Description: This hand-carved wood Canadian First Nations totem pole is signed by the artist Ellen Neel and dated 1953. The piece sits on a wood base with a plaque that reads, “Presented by Seaboard Lumber Sales Company Limited, Vancouver, British Columbia, Commemorating The First Cargo Of Douglas Fir And Pacific Coast Hemlock To Wilmington, N.C./December, 1953.” The totem pole is approximately 1 foot 10 inches high.
History: This small totem is one of two that came to Wilmington on the S. S. Cnosa on December 28, 1953. The Canadian ship docked at the state port at Wilmington and unloaded more than 1 million board feet of Douglas fir and hemlock from British Columbia. One of the totems was given to E. C. Sanders, president of the Tabor City Lumber Company and the other went to George W. Gillette, executive director of the North Carolina State Ports Authority. In 2012, Cape Fear Museum received George W. Gillette’s totem from his granddaughter. Although ships have come and gone for centuries carrying all sort of goods on the Cape Fear River, this shipment was news because it was the first shipment of foreign lumber to arrive in Wilmington after World War II and it was an early shipment to the new state port facilities two small totem poles. The totems were carved for the occasion by renowned Kwakiutl totem artist, Ellen Neel.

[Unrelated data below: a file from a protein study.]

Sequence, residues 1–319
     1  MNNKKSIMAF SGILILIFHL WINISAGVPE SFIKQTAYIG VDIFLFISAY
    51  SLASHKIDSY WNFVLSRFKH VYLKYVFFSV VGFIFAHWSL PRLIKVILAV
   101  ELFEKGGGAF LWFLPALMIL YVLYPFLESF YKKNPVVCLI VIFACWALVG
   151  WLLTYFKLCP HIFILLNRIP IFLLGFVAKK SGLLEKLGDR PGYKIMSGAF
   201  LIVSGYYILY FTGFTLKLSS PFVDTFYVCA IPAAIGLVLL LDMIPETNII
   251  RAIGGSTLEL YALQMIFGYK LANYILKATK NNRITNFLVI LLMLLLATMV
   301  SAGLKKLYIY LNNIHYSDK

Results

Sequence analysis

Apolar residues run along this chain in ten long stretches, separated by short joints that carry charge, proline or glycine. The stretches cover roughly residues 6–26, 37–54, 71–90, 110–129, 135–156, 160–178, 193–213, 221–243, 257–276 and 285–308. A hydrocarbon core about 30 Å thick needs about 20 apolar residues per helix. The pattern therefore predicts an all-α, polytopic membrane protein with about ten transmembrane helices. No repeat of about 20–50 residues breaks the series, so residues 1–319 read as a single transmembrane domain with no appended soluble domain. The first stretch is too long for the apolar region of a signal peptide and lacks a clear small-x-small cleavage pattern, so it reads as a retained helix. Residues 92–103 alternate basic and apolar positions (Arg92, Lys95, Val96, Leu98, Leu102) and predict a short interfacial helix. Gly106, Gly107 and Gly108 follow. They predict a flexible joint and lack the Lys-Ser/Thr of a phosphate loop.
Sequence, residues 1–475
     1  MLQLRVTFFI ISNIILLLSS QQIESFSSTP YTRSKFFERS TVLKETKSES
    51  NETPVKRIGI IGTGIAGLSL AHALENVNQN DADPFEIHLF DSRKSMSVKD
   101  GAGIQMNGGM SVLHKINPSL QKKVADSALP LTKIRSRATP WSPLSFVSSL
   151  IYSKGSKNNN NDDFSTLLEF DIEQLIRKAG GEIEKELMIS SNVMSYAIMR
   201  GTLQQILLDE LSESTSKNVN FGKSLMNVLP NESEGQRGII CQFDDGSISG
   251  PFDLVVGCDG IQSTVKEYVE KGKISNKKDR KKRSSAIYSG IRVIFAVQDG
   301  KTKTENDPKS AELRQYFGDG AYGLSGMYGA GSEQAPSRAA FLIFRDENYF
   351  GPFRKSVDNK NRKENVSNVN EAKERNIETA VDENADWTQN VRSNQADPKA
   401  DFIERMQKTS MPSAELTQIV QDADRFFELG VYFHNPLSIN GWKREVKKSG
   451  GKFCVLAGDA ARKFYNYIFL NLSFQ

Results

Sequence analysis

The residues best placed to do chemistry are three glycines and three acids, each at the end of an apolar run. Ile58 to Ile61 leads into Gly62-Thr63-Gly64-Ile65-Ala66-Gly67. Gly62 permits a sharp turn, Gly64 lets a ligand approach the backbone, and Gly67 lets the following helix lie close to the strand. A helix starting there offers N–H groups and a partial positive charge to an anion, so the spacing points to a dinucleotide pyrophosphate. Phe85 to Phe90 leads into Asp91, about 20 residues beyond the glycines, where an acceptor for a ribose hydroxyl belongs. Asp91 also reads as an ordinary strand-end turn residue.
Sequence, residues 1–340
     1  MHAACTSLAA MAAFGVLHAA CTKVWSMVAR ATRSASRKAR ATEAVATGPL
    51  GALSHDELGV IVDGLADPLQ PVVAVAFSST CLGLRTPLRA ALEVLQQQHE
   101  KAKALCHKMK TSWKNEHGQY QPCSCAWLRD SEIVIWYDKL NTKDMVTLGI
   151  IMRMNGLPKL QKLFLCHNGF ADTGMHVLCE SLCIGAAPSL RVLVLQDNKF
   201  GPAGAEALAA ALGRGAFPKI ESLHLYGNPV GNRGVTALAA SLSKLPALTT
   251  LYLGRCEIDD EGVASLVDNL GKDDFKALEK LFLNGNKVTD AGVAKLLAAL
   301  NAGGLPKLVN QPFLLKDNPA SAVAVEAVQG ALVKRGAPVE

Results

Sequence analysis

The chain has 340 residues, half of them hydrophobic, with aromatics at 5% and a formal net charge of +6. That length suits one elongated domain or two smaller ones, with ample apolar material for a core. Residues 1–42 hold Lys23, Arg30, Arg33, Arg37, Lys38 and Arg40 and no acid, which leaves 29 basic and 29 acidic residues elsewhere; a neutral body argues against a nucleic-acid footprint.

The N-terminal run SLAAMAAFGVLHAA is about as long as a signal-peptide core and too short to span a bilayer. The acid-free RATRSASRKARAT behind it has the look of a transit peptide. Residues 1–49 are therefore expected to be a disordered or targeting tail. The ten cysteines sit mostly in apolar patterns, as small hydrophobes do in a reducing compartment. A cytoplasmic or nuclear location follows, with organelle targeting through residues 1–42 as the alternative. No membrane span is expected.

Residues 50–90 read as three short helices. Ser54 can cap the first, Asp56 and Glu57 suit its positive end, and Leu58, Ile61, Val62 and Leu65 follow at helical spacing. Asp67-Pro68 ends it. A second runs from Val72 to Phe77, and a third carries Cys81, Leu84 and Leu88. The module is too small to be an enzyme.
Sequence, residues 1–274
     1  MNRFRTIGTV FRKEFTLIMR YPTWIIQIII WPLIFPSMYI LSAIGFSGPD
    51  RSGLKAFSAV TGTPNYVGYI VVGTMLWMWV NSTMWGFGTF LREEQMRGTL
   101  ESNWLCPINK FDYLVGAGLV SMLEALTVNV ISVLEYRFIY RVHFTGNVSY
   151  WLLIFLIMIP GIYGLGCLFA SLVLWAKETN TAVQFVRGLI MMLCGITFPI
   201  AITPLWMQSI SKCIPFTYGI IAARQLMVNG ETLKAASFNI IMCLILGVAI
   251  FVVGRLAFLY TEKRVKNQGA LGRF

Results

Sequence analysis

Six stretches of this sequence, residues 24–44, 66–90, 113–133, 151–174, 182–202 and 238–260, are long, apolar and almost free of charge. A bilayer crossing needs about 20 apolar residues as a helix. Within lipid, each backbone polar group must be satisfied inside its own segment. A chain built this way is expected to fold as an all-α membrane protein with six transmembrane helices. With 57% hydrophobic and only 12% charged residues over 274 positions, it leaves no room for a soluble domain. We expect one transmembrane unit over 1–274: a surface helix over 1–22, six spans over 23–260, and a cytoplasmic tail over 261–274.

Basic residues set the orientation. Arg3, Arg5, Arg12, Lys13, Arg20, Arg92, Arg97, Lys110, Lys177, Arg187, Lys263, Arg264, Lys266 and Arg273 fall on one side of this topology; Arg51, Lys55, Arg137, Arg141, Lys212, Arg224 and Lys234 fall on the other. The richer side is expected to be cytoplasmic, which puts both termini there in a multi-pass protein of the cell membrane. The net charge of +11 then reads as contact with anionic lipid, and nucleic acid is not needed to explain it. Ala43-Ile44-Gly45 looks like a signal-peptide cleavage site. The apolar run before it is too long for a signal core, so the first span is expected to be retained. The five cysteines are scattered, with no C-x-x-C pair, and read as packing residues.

Colonel George W. Gillette was born in 1888 and died in 1971. He served in the Mexican Border Campaign of 1916, World War I, and World War II. He was born in Onslow County, moved to Wilmington as a teen, graduated from N.C. State in 1911, and was commander of Company A of the 30th “Old Hickory” division in World War I. Gillette served in the Army Corps of Engineers in around the nation, including in Wilmington, where he worked on the development of the Intracoastal Waterway. He retired from the army to take the helm of the North Carolina State Ports Authority in 1947. Gillette was the authority’s first executive director and held that position until he retired in 1954.